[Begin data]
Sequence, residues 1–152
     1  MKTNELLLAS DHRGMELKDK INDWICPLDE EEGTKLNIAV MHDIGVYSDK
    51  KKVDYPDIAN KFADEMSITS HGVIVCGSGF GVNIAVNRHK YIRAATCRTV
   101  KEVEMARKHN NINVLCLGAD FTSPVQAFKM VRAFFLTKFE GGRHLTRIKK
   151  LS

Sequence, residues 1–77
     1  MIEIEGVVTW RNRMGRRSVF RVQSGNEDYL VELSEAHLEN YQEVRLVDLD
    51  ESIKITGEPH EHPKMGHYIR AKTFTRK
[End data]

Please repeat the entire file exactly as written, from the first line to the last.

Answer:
Sequence, residues 1–152
     1  MKTNELLLAS DHRGMELKDK INDWICPLDE EEGTKLNIAV MHDIGVYSDK
    51  KKVDYPDIAN KFADEMSITS HGVIVCGSGF GVNIAVNRHK YIRAATCRTV
   101  KEVEMARKHN NINVLCLGAD FTSPVQAFKM VRAFFLTKFE GGRHLTRIKK
   151  LS

Sequence, residues 1–77
     1  MIEIEGVVTW RNRMGRRSVF RVQSGNEDYL VELSEAHLEN YQEVRLVDLD
    51  ESIKITGEPH EHPKMGHYIR AKTFTRK